Which Loan Do I Pay Off First?

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Which Loan Do I Pay Off First?

Last week, I was reviewing CashMap’s line of credit strategy with a client. I had just finished coaching them through the process of shopping for a line of credit. As is almost always the case, the credit union representative did not know the billing cycle for their company’s line of credit. It’s understandable. Few people have learned the power of using a line of credit to build wealth. When we finished, the client turned to me and asked, “By the way, which of my loans should I pay off first?”

Prioritize by the Greatest Savings

What a great question. You want to pay off the loan that will give you the greatest savings. Your savings is based on three factors. First, the interest rate, second, the original length of the loan and third, the time left on the loan. The higher the interest rate the greater your savings. Similarly, the longer the period of time left to pay off your loan the greater your interest savings. Let’s create an example.

Choosing the Loan to Pay Off First

There’s nothing better than a visual example. I created a couple of scenarios that demonstrate my point. To view the scenarios that I’ve created, click on the link Choosing the Loan to Pay Off First.

At the bottom of the page, click on the tab, ‘Student Loan, Auto, Credit Card’. This person has a ten year $32,000 student loan with an interest rate of six percent, a five year $25,000 auto loan at six percent and a credit card with a $10,000 balance requiring a minimum monthly payment of two percent that charges 18 percent interest.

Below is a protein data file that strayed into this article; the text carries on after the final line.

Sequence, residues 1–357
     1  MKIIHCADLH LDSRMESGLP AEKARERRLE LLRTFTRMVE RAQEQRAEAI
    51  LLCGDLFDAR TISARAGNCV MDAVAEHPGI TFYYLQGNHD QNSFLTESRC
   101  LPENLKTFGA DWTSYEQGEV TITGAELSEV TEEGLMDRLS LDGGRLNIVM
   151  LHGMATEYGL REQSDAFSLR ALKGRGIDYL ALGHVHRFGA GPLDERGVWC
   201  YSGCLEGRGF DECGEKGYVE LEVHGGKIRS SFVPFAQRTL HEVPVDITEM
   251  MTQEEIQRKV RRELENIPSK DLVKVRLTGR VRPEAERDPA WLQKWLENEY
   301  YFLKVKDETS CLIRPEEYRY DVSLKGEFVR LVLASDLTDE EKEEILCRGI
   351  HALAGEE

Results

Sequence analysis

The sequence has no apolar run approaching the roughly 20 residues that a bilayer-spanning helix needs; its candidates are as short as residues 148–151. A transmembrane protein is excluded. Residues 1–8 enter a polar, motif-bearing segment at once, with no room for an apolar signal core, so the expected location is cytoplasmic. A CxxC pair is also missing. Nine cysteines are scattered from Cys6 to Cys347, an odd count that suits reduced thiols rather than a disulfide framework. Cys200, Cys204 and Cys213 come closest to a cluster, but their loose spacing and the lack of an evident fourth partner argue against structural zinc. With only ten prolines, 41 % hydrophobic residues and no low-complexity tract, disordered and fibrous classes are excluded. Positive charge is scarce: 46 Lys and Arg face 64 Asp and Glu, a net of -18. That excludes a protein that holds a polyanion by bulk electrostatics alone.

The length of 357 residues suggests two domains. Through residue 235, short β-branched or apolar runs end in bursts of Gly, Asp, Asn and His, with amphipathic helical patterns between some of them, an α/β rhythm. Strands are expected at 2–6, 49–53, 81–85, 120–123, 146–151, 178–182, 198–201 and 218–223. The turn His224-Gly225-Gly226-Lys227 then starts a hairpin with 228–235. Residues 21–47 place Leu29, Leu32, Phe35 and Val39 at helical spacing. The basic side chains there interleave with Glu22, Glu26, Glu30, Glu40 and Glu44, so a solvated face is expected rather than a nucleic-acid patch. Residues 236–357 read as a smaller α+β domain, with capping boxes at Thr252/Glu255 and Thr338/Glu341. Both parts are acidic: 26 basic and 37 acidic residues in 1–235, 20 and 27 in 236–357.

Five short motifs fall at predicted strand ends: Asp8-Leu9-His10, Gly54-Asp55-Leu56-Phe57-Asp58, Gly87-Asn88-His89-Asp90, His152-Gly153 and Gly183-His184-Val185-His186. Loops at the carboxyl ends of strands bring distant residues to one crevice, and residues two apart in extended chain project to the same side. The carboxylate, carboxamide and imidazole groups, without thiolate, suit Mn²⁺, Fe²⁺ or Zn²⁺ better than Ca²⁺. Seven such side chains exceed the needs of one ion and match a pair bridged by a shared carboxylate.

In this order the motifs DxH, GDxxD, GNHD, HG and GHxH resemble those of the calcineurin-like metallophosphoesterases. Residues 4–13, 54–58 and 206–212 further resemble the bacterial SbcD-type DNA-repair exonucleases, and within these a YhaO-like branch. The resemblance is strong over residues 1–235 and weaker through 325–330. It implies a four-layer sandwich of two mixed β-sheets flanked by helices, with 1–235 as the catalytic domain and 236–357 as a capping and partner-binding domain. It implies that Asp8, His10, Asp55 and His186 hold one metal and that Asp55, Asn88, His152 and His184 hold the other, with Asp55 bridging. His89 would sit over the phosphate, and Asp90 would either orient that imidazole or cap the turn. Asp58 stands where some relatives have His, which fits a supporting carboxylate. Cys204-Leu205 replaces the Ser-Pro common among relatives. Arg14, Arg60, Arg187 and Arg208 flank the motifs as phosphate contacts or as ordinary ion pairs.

Where Does the $1,500 Payment Go?

If you had $1,500 to apply to one of these loans, which would you loan would you choose? For each loan, I applied the $1,500 payment and calculated our interest savings. For each loan, look at the light blue areas. Under the heading, ‘Payments Skipped’, you’ll see a number that is emboldened.

SOLUTION: In this first example, we save the most when the dollars are applied to the credit card. The savings total $3,474. For the student loan and auto loan our savings will total $1,244 and $380.74.

What Loan Do We Apply $5,000?

Select the tab at the bottom labeled, ‘Student, Mortgage, Credit Card’. We’ve replaced the auto loan with a thirty year $300,000 with an interest rate of 3.75 percent. The current balance $295,000.

SOLUTION: Even though the interest rate is just 3.75 percent, the loan is still relatively early in the payment schedule. Consequently, the interest savings from the mortgage are greater than the interest savings from the credit card. Total mortgage interest savings will be $10,043.

Most Solutions Are Simple

What did I do? I subtracted the amount I’m paying off from the balance. I then totaled the interest payments that I will miss until my loan schedule equals the lower balance. Do this for each loan. The loan with the greatest number is the loan to apply your first withdrawal from your line of credit.

For American homeowners, for a relatively small segment of tax payors, tax savings from your mortgage payments should also be considered. Don’t let this complicate the process. Solutions can be simple.

Ready to start your journey towards financial freedom? Get started today!

Thanks for joining me. I’d love to hear from you. Please send your questions, topics or suggestions to dennis@cashmapconsulting.com. You can also follow me on twitter at cash_map.